How is poverty measured?

The poverty line was first established in 1964 by the federal government as a measure of 'need'. The measure was based on the assumption that a poor family spends one-third of their budget on food. The measure is an estimate of the cost of an "economy food plan," essentially how much food is required for temporary use, and then multiplying this cost by three. The poverty level is readjusted annually by the Consumer Price Index to account for inflation, but the logic and assumptions for the estimate have remained the same since 1964. The official poverty line is the same across the 48 contiguous states (Hawaii and Alaska have different measures). In 2009 the poverty line for a family of four is $22,050. In 2000, the poverty line for a family of four was $17,050.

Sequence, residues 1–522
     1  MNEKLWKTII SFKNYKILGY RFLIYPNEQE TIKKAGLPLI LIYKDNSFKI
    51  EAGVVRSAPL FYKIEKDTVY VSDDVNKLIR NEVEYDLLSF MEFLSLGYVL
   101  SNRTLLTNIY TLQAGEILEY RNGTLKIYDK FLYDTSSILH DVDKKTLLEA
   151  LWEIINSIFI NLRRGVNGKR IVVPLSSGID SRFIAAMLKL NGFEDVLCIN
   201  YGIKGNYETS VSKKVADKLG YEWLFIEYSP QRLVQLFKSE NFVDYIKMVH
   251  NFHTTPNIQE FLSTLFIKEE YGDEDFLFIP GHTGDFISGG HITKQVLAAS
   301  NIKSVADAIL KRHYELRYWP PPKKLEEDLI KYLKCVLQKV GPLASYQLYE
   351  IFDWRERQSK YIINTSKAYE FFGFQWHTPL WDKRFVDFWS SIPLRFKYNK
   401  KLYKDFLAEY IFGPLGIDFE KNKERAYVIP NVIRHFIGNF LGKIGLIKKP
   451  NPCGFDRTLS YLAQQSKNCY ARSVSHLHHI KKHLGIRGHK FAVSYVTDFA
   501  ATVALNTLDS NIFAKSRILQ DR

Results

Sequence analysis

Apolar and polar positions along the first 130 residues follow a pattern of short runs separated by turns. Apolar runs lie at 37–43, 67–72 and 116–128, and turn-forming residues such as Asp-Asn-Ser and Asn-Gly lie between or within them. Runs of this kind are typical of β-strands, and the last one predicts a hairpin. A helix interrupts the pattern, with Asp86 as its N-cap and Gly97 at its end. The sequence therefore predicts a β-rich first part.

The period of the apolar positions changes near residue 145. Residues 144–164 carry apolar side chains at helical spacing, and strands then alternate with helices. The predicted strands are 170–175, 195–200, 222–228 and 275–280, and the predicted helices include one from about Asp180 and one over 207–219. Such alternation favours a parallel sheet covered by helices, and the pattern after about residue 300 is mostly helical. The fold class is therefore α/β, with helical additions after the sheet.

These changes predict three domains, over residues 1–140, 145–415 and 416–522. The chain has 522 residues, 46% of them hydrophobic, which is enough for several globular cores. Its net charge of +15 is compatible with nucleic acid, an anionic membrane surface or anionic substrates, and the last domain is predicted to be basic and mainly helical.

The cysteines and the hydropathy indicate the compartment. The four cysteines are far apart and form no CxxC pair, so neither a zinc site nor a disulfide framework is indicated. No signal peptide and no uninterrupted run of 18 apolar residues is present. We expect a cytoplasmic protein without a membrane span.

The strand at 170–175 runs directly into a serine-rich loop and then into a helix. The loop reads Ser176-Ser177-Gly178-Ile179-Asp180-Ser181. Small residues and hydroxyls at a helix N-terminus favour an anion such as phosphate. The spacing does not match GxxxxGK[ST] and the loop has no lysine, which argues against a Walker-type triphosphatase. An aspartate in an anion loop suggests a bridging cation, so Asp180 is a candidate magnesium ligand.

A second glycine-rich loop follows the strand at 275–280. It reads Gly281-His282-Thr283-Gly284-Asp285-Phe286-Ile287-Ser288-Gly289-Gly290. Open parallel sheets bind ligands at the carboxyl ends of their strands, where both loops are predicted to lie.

Critics of the poverty line point-out that some of the assumptions used to create the measure are outdated. Today, other costs take up larger portions of families' budgets: for example, housing costs; transportation costs; health insurance and medical costs; and childcare to name a few. Also the measure ignores the wide regional variation in the cost of living. Many social scientists argue that if current social and economic considerations were part of the assumptions behind the logic of the poverty measure, the official poverty line would be at least 50% higher than the current measure: the nation's gauge of poverty has worn out.

Leslie Hossfeld, University of North Carolina Wilmington